Aurangzeb send Asad Khan, his Prime Minister and Zulfiqar’s father, to assess the reason for the non-progress of the Ginji siege. Father and son discovered a supposed plot. A report states that they discovered that Kam Baksh was in secret communications with Rajaram who had promised him Maratha support to become the emperor on Aurangzeb’s death. Prince Kam Baksh was promptly imprisoned by Zulfiqar. However, the Mughal army, greatly diminished after years of besieging the fort, was forced to sue for peace. Rajaram promised safe passage for the Mughal army to withdraw, perhaps hoping that this gesture would prompt Aurangzeb to release Shahu from prison. However, Aurangzeb was indignant at the peace treaty and immediately broke it, asking Zulfiqar to renew the siege and sending him reinforcements.

Skirmishes with Ghorpade’s guerrilla’s continued unabated, but now Zulfiqar took the siege seriously. With the additional resources under his command, and being a decidedly superior military commander, Zulfiqar pushed ahead forcefully with the siege activities. Santaji, unable to cope with this new initiative moved away to the southern provinces of the erstwhile Bijapur kingdom. In that region, he won two important and decisive victories—one, he defeated a large Mughal force under the command of Kasim Khan after a month-long siege of the Dundheri fort; and two, another large force under Himmat Khan was defeated and put to flight. Buoyed by these victories, Santaji decided to relieve Ginji. However, Zulfiqar met the Maratha forces a few miles to the north of Ginji and inflicted a severe defeat on the Ghorpade forces.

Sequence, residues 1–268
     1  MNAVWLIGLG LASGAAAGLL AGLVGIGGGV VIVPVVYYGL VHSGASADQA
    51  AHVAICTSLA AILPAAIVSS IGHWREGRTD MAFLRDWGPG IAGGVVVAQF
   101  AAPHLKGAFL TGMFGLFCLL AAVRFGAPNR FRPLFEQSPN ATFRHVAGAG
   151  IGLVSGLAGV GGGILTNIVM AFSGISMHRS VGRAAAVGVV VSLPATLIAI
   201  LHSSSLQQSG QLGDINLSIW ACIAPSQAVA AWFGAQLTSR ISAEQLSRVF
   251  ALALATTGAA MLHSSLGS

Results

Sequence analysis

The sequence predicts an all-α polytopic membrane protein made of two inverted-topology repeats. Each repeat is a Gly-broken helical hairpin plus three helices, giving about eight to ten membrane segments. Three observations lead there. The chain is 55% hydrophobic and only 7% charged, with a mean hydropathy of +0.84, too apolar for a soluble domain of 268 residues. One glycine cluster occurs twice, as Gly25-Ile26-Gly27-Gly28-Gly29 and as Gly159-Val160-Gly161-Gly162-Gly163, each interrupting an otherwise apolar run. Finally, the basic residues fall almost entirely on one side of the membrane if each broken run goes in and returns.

The siege of Ginji was now serious and Zulfiqar was strict about his activities, gone was the easy-going attitude. Aurangzeb was pressuring him to overrun Ginji, which now seemed inevitable. With the tacit approval of Zulfiqar and the active assistance of the Shirke family in service with the Mughals, Rajaram was spirited out of Ginji and escorted to Vellore by Dhanaji Yadav. In December 1697, he was taken to Vishalgarh. On 8th January 1698, Ginji surrendered to Zulfiqar Khan.

The siege had taken nearly eight years to complete and a large amount of resources and manpower had been expended. Of note was the fact that the Maratha forces had repeatedly demonstrated that they were equal to or even superior in capabilities to the Mughal army, which had so far been considered ‘invincible’. The deterioration of Mughal capabilities was laid bare in Ginji. The other fact was that the Maratha sanctuary made of a long line of garrisoned forts, conceived by the great Shivaji Maharaj to cater for just such an eventuality had done its work. The Mughals had taken Ginji, but they were now stretched to breaking point, although Aurangzeb does not seem to have realised the precariousness of his situation.

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About Sanu Kainikara

Sainik School Kazhakuttam (Kerala), National Defence Academy 39/A, 108 Pilot's Course IAF, fighter pilot, QFI, FCL, psc, HACC, Voluntary Retirement as Wing Commander. Canberra-based Political and Defence Analyst specialising in military strategy, national security, and international politics. PhD in International Politics from University of Adelaide Executive Masters in Public Adminsitration (ANZSOG) Adjunct Professor, University of New South Wales, Distinguished Fellow Institute For Regional Security (IFRS) Distinguished Fellow Centre for Air Power Studies (CAPS)